How important are social interactions to an individual’s happiness? A study published in the Journal of social and personal relationships suggests that increasing social interaction, something that has been difficult during the coronavirus pandemic, may lead to lower rates of loneliness and depression.
Amid the rise of COVID-19, people have been concerned about how social distancing and isolation measures could be detrimental to people’s social life and mental health. Research finds that quarantine led to higher levels of loneliness and depression, and these effects were compounded for people who had to stay in quarantine longer. This is consistent with previous studies that have revealed the importance of social interaction and relationships for people’s happiness and well-being.
Researcher Adam Kuczynski and his colleagues sought to “identify components of everyday social interactions that are associated with changes in depressed mood and loneliness” through this study. They collected a sample of adults from King County, Washington, who were recruited through social media ads, grocery store flyers, local news articles, and other places.
Their sample included 515 adult participants. Participants completed daily surveys for 75 consecutive days, which were prompted by text message at 7:30 p.m. each evening. Their sample also completed measures of depression, loneliness, amount of social interaction, perceived responsiveness, and vulnerable self-disclosure.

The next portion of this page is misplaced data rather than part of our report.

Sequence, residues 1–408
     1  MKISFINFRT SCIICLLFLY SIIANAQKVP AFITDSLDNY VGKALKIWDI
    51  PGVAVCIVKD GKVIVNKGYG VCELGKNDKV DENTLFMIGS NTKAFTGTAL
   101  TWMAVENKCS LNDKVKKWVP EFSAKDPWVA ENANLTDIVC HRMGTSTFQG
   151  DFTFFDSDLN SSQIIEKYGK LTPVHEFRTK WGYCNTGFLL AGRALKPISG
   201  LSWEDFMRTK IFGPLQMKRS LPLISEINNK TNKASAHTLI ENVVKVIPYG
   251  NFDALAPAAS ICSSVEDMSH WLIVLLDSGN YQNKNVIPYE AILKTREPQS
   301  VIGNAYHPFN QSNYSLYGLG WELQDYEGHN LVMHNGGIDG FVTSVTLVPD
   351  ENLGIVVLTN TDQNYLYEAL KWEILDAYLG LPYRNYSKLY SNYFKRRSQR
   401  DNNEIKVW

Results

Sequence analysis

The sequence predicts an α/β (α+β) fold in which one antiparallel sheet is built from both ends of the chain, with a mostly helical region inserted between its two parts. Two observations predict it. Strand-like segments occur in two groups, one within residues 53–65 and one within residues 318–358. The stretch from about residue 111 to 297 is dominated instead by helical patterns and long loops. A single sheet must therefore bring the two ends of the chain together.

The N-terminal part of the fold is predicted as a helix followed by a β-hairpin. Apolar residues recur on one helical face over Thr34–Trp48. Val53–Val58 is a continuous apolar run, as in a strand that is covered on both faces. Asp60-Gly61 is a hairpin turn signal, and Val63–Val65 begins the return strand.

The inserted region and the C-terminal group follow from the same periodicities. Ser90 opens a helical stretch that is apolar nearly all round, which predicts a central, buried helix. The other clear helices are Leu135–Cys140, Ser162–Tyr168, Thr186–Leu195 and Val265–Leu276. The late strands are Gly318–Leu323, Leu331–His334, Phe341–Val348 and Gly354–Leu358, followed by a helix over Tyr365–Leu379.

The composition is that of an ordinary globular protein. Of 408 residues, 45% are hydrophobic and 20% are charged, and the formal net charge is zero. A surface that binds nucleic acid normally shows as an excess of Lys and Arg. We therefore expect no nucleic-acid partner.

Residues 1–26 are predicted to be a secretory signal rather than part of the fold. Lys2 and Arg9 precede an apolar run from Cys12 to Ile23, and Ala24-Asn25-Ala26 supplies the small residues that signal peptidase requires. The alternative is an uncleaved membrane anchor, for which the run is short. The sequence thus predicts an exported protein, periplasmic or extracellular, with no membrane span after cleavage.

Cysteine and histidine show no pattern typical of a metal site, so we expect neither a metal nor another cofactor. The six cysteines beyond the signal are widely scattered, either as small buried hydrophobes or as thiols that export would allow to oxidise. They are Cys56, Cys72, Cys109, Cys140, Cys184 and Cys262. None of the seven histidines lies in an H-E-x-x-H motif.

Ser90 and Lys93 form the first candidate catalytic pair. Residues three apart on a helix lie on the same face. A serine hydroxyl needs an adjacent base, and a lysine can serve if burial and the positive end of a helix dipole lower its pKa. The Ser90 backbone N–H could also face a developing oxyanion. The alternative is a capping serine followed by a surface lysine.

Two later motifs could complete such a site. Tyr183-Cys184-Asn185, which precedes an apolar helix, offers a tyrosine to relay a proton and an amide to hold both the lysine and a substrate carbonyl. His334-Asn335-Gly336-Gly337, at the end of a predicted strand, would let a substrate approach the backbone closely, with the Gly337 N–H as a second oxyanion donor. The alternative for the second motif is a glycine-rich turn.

The results showed that people who engage in more social interactions, more self-disclosures, and who feel people respond to them more show lower levels of depression and loneliness. Increased social interaction, regardless of the individual’s baseline, can be a protective factor.
This study found that greater vulnerable self-disclosure was linked to higher depression and loneliness when the individual experienced greater responsiveness. This is inconsistent with similar recent research. The effect of quality and quantity of social interaction was similar for loneliness and depressed mood, showing a strong relationship between these two variables.
Despite the many strengths of this study, such as the longitudinal design and daily data collection, it also has some limitations. It is unclear whether these results would be different if participants were sampled more or less frequently.
This study also cannot rule out the possibility of reverse causation, such that instead of social interactions altering the individual’s levels of depression, depression may alter the frequency of the individual’s social interactions. Finally, it is possible that due to the collection of this data at the start of the COVID-19 pandemic, it does not generalize to daily life.
“Concerns about the possible effects of social distancing during the COVID-19 pandemic have highlighted several gaps in our knowledge about the association between social interactions and mental health,” the researchers concluded. “The current study aimed to characterize the unique effect of the quantity and quality of social interactions on daily depressed mood and loneliness and to identify the degree to which these processes function at intra-individual and inter-individual levels of analysis. .”
“The results suggest that social interactions in general, and perceived responsiveness in particular, may protect against depressed mood and loneliness regardless of trait levels of these variables. Substantial heterogeneity in these effects was observed, however, and future research should focus on identifying factors that predict this heterogeneity.
The study, “The effect of quantity and quality of social interaction on depressed mood and loneliness: a daily diary study,” was authored by